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Until Alzheimer's disease wreaked its gradual destruction, Ronald Reagan was an inveterate writer. He wrote not only letters, short fiction, poetry, and sports stories, but speeches, newspaper articles, and radio commentary on public policy issues, both foreign and domestic. Most of Reagan's original writings are pre-presidential. From 1975 to 1979 he gave more than 1,000 daily radio broadcasts, two-thirds of which he wrote himself. They cover every topic imaginable: from labor policy to the nature of communism, from World War II to the second Strategic Arms Limitation Treaty, from the future of Africa and East Asia to that of the United States and the world. They range from highly specific arguments to grand philosophy to personal stories. Even those who knew him best were largely unaware of Reagan's output. George Shultz, as he explains in the Foreword, was surprised when he first saw the manuscripts, but on reflection he really was not surprised at all. Here is definitive proof that Ronald Reagan was far more than a Great Communicator of other people's ideas. He was very much the author of his own ideas, with a single vision that he pursued relentlessly at home and abroad. Reagan, In His Own Hand presents this vision through Reagan's radio writings as well as other writings selected from throughout his life: short stories written in high school and college, a poem from his high school yearbook, newspaper articles, letters, and speeches both before and during the presidency. It offers many surprises, beginning with the fact that Reagan's writings exist in such size and breadth at all. While he was writing batches and batches of radio addresses, Reagan was also traveling the country, collaborating on a newspaper column, giving hundreds of speeches, and planning his 1980 campaign. Yet the wide reading and deep research self-evident here suggest a mind constantly at work. The selections are reproduced with Reagan's own edits, offering a unique window into his thought processes. These writings show that Reagan had carefully considered nearly every issue he would face as president. When he fired the striking air-traffic controllers, many thought that he was simply seizing an unexpected opportunity to strike a blow at organized labor. In fact, as he wrote in the '70s, he was opposed to public-sector unions using strikes. There has been much debate as to whether he deserves credit for the end of the cold war; here, in a 1980 campaign speech draft, he lays out a detailed vision of the grand strategy that he would pursue in order to encourage the Soviet system to collapse of its own weight, completely consistent with the policies of his presidency. Furthermore, in 1984, Reagan drafted comments he would make to Soviet foreign minister Andrei Gromyko at a critical meeting that would eventually lead to history's greatest reductions in armaments. Ronald Reagan's writings will change his reputation even among some of his closest allies and friends. Here, in his own hand, Reagan the thinker is finally fully revealed.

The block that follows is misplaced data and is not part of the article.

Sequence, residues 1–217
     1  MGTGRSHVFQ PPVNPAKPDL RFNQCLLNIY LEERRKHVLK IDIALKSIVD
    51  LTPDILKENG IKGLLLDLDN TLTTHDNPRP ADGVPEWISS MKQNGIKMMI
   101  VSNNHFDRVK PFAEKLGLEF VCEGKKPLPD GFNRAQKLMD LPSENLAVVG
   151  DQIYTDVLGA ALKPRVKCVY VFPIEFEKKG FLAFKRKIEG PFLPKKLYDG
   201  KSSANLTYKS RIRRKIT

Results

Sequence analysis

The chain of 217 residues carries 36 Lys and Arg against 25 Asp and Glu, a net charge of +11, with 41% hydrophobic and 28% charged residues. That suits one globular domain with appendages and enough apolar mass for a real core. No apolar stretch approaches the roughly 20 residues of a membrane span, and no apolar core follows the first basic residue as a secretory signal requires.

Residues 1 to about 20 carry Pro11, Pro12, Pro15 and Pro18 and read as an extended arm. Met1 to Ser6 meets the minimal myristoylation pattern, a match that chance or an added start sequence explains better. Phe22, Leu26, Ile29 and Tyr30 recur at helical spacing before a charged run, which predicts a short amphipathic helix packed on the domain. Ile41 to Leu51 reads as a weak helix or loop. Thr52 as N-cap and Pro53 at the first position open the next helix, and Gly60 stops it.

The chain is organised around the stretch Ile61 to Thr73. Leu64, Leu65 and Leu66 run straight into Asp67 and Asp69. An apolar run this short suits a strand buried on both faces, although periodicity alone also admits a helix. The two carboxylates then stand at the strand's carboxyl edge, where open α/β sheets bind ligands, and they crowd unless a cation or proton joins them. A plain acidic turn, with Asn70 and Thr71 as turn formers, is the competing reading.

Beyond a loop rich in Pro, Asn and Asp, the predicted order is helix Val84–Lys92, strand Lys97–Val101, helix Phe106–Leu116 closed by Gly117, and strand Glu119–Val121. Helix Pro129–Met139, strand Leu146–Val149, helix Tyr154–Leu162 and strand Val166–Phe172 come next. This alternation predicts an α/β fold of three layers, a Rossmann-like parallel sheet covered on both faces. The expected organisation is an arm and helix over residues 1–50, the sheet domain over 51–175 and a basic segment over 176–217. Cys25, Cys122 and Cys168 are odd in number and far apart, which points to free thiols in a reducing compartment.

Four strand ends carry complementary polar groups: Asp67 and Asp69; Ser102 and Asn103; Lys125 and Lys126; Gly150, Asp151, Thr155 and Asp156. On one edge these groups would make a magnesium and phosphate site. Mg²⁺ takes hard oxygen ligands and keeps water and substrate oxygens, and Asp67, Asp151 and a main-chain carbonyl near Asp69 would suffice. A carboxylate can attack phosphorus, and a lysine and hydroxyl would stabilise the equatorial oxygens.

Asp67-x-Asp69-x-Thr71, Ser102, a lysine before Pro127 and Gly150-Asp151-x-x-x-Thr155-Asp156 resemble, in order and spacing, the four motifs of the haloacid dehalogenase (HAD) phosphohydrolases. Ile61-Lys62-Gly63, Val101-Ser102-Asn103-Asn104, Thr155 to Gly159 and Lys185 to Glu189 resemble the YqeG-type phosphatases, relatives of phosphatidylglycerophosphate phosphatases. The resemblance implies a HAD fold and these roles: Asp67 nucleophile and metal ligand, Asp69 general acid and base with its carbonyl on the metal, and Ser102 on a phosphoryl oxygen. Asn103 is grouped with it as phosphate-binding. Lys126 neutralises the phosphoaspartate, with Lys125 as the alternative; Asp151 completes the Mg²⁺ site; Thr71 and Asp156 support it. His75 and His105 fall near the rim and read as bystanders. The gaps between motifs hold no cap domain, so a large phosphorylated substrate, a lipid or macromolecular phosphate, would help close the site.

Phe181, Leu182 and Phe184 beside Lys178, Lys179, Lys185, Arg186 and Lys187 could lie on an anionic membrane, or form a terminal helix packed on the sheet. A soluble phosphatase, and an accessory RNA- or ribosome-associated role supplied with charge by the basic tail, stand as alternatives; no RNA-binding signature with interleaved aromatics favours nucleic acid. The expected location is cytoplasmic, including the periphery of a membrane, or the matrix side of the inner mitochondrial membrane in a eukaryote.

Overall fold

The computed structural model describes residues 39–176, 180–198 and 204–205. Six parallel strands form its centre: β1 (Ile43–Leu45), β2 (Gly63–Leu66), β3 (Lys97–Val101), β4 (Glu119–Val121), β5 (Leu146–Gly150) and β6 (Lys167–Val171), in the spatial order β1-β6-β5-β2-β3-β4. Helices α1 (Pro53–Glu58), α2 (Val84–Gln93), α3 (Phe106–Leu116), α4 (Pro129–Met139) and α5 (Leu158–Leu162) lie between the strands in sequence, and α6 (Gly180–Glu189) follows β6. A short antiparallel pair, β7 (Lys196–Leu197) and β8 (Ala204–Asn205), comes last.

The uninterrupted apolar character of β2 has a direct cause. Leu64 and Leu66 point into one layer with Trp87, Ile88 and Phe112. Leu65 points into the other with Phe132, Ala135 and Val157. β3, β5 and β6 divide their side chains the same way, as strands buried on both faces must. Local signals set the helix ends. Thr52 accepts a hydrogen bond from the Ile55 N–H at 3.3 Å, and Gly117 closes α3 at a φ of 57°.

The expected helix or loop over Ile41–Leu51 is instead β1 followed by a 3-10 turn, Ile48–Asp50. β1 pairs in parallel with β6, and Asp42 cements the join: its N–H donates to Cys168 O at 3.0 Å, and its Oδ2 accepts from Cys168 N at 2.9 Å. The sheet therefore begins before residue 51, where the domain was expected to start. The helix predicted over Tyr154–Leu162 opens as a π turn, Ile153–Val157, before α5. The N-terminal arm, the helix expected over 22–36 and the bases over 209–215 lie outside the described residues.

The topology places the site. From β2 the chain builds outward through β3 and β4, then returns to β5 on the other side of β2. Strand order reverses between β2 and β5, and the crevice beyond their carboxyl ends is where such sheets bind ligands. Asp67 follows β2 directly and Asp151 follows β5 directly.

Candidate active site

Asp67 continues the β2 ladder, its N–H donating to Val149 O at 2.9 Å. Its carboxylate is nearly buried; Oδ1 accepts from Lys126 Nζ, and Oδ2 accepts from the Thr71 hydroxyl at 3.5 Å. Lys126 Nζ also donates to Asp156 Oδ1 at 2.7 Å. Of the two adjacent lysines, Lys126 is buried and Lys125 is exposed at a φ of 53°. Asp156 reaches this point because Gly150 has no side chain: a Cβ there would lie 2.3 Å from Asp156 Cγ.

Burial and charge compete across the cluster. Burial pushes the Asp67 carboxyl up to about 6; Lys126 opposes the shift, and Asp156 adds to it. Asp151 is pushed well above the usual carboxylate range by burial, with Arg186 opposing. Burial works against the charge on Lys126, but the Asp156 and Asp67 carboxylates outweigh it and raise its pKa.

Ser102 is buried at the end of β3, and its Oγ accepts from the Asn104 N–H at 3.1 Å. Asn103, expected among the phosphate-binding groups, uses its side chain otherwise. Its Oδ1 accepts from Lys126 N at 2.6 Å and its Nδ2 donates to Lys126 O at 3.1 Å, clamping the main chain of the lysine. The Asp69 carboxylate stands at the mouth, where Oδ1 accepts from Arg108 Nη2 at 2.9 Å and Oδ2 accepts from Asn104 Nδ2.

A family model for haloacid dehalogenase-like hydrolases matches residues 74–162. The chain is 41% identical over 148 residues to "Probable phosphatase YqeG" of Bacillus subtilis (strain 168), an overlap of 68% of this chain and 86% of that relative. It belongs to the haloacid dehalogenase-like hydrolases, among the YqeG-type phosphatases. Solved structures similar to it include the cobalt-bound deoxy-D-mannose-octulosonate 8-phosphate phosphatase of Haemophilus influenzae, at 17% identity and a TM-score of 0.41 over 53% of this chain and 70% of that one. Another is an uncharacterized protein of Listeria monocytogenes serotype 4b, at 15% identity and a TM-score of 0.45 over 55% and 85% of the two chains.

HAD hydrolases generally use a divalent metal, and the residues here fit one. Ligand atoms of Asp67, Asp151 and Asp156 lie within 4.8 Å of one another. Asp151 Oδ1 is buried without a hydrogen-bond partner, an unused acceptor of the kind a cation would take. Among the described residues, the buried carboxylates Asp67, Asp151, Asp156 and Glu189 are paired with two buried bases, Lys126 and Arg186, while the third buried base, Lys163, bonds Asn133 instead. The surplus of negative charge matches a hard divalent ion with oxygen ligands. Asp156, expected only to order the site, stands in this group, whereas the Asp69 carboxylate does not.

Ronald Reagan may have been the most prolific correspondent of any American president since Thomas Jefferson. The total number of letters written over his lifetime probably exceeds 10,000. Their breadth is equally astonishing -- with friends and family, with politicians, children, and other private citizens, Reagan was as dazzling a communicator in letters as he was in person. Collectively, his letters reveal his character and thinking like no other source. He made candid, considerate, and tough statements that he rarely made in a public speech or open forum. He enjoyed responding to citizens, and comforting or giving advice or encouragement to friends. Now, the most astonishing of his writings, culled in Reagan: A Portrait in Letters, finally and fully reveal the true Ronald Reagan. Many of Reagan's handwritten letters are among the most thoughtful, charming, and moving documents he produced. Long letters to his daughter Patti, applauding her honesty, and son Ron Jr., urging him to be the best student he can be, reveal Reagan as a caring parent. Long-running correspondence with old friends, carried on for many decades, reveals the importance of his hometown and college networks. Heartfelt advice on love and marriage, fond memories of famous friends from Hollywood, and rare letters about his early career allow Reagan to tell his own full biography as never before. Running correspondence with young African-American student Ruddy Hines reveals a little-known presidential pen pal. The editors also reveal that another long-running pen-pal relationship, with fan club leader Lorraine Wagner, was initially ghostwritten by his mother, until Reagan began to write to Wagner himself some years later. Reagan's letters are a political and historical treasure trove. Revealed here for the first time is a running correspondence with Richard Nixon, begun in 1959 and continuing until shortly before Nixon's death. Letters to key supporters reveal that Reagan was thinking of the presidency from the mid-1960s; that missile defense was of interest to him as early as the 1970s; and that few details of his campaigns or policies escaped his notice. Dozens of letters to constituents reveal Reagan to have been most comfortable and natural with pen in hand, a man who reached out to friend and foe alike throughout his life. Reagan: A Life in Letters is as important as it is astonishing and moving.